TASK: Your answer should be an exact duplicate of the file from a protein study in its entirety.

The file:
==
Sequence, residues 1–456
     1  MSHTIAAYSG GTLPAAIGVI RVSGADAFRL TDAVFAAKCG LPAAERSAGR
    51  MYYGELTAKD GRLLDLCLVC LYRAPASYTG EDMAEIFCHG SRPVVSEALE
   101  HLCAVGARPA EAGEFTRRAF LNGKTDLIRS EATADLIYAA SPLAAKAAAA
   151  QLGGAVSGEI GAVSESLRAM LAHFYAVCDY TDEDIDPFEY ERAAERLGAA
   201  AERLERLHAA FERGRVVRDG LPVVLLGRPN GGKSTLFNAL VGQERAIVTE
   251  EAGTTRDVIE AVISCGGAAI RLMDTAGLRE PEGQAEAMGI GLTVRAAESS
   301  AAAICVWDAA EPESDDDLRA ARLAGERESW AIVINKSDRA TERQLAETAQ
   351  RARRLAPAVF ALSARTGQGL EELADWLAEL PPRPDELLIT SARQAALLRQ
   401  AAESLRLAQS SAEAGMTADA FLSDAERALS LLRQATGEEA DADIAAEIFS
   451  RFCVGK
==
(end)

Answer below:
Sequence, residues 1–456
     1  MSHTIAAYSG GTLPAAIGVI RVSGADAFRL TDAVFAAKCG LPAAERSAGR
    51  MYYGELTAKD GRLLDLCLVC LYRAPASYTG EDMAEIFCHG SRPVVSEALE
   101  HLCAVGARPA EAGEFTRRAF LNGKTDLIRS EATADLIYAA SPLAAKAAAA
   151  QLGGAVSGEI GAVSESLRAM LAHFYAVCDY TDEDIDPFEY ERAAERLGAA
   201  AERLERLHAA FERGRVVRDG LPVVLLGRPN GGKSTLFNAL VGQERAIVTE
   251  EAGTTRDVIE AVISCGGAAI RLMDTAGLRE PEGQAEAMGI GLTVRAAESS
   301  AAAICVWDAA EPESDDDLRA ARLAGERESW AIVINKSDRA TERQLAETAQ
   351  RARRLAPAVF ALSARTGQGL EELADWLAEL PPRPDELLIT SARQAALLRQ
   401  AAESLRLAQS SAEAGMTADA FLSDAERALS LLRQATGEEA DADIAAEIFS
   451  RFCVGK